walkhighlands


Exploring Ullapool

Fiona RussellSitting on a low wall edging the shoreline of beautiful Loch Broom in the Ross-shire town of Ullapool, a takeaway container of delicious crab cakes and salad on my knee and a day of mountain walking in my legs, I indulge in a little people watching.

My chosen spot is located on one side of Ullapool’s bustling main street and is the perfect place to take in a vast array of outdoorsy folks.

In a short space of time, I am passed by young backpackers; day hikers in their 30s, 40s, 50s and 60s; cyclists, some on lightweight racer bikes and others on hybrid bicycles laden with panniers; and solo pedestrians, couples and family groups.

I hear their accents, from west coast Scotland and England to America and Europe.

They are all going about their evening in this north-west Scottish tourist town – and almost without exception they are relaxed and smiling.

Ullapool (Walkhighlands)

Like me, many will have based themselves in Ullapool for a weekend break or week’s holiday. The town, which was founded in 1788 as a herring port and designed by Scottish civil engineer Thomas Telford, is still one the UK’s major fishing ports yet, these days, it’s tourism that underpins the local economy.

Only an hour from the Highlands city of Inverness and some 4.5 hours north of Scotland’s largest city of Glasgow, visitors are attracted to a picturesque area that combines sea loch, coast, islands, lush lowlands, wild moorlands and mountains.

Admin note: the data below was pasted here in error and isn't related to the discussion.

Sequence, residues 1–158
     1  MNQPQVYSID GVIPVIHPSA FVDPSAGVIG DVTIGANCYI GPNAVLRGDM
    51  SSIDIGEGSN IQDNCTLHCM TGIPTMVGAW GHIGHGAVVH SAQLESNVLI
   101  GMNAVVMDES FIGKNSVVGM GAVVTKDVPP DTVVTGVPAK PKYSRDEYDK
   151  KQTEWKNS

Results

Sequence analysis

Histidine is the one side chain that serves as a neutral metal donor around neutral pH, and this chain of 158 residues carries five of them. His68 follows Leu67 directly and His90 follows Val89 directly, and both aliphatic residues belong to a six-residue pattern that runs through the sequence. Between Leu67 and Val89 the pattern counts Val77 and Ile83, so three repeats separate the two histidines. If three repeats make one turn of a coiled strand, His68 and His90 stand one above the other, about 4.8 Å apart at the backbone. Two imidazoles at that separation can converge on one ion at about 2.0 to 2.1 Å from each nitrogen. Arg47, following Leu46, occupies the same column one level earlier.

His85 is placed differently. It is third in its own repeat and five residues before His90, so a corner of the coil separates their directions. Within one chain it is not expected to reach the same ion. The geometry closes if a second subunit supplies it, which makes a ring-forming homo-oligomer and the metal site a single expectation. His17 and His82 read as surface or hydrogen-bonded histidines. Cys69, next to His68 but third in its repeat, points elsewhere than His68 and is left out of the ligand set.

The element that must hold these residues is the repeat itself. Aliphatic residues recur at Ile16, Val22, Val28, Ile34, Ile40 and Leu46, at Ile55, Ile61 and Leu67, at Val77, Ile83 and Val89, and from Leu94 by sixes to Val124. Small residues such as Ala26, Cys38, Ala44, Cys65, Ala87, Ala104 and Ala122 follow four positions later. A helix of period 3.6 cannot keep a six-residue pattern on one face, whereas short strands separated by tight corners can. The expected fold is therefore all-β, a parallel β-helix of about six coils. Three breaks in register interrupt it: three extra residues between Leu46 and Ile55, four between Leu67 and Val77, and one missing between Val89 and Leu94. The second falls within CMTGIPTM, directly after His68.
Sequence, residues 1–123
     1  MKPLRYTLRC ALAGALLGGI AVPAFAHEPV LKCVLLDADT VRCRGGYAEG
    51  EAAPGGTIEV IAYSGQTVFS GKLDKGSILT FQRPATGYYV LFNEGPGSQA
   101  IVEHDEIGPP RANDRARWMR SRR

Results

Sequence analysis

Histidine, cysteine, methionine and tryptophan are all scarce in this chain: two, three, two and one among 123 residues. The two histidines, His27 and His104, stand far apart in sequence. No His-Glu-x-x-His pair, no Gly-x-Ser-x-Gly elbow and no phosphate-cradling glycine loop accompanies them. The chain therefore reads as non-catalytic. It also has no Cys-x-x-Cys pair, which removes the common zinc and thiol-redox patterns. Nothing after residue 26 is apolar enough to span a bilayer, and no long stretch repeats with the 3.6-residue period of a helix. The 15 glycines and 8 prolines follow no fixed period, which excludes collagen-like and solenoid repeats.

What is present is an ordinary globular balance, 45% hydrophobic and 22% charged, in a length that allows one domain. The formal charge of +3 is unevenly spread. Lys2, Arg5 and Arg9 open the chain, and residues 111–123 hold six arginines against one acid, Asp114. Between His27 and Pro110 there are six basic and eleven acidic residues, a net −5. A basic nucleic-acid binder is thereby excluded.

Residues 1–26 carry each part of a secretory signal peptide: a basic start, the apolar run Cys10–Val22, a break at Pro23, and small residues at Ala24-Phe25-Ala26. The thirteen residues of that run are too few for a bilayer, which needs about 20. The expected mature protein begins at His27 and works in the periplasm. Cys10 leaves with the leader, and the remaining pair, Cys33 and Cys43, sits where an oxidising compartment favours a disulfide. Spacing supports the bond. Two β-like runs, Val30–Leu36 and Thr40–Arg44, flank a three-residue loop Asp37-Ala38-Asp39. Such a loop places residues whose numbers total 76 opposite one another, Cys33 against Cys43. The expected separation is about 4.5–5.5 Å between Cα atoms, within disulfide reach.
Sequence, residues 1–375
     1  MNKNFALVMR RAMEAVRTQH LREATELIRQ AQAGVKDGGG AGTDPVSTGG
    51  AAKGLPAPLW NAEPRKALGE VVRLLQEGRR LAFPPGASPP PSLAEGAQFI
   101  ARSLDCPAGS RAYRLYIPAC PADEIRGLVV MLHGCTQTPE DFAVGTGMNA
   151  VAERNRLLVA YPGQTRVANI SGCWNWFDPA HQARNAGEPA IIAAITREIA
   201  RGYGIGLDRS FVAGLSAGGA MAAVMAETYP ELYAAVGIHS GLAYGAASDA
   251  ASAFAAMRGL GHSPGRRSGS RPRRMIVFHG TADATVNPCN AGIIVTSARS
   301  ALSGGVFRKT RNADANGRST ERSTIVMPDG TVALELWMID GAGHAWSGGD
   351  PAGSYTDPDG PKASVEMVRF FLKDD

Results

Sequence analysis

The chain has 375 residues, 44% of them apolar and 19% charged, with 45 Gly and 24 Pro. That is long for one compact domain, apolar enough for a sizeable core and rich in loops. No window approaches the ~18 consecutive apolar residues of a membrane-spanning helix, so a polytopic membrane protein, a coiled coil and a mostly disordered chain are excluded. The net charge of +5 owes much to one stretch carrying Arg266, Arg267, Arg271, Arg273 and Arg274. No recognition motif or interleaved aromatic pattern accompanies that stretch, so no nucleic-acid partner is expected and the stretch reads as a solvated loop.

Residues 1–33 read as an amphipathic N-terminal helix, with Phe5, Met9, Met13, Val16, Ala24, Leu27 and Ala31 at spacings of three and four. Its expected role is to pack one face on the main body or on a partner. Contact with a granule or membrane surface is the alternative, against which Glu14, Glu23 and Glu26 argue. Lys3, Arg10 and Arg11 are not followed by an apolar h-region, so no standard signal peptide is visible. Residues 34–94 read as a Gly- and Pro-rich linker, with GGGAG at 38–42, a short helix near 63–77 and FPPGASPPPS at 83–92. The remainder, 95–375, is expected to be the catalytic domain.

The town is also popular with festival goers with an annual line-up including the Festival of Dance in springtime, May’s Book Festival, and in October the Guitar and Beer Festivals.

The summer sees a regatta of hand-made wooden rowing skiffs as part of the Scottish Coastal Rowing Association’s calendar of Scotland-wide events.

To reach Ullapool, most people drive the A835, which hugs the eastern shoreline of Loch Broom, and gives superb views of the narrow waterway, sometimes glittering in the sunshine and, other times, mysteriously brooding and reflective.

The loch is fed to the south-east by the River Broom and extends some nine miles to the sea where it opens up into The Minch. At its widest point it encompasses a picture-postcard collection of small islands, known as the Summer Isles, which are perfect for a spot of kayaking exploration.

Ullapool is also a gateway town to the Outer Hebrides, with regular CalMac ferries sailing between Stornoway on Lewis and the mainland. Many walkers and cyclists passing through the town will be going to, or coming, from the long chain of west coast islands.

The ferry to Stornoway, berthed in Ullapool

In recent years, the town’s through-traffic has been boosted by the North Coast 500, a 500-or-so-mile circular road route exploring the north-west Highlands that starts and finishes in Inverness.

Heading north from Ullapool, drivers and cyclists following the NC500 quickly find themselves surrounded by the ancient, rugged scenery of Assynt. A clear legacy of glaciation, the landscape comprises isolated mountains, such as Stac Pollaidh and Suilven, set amid immense tracts of bare moorland and blanket bog, all strewn with lochs and lochans.

Suilven in Assynt, seen from Stac Pollaidh

Ullapool is also a stepping stone to the UNESCO North West Highlands GeoPark, which stretches along the coast both north and south of the town. The rocks here are Lewisian Gneiss, formed 3,000 million years ago, and are among the oldest in Britain.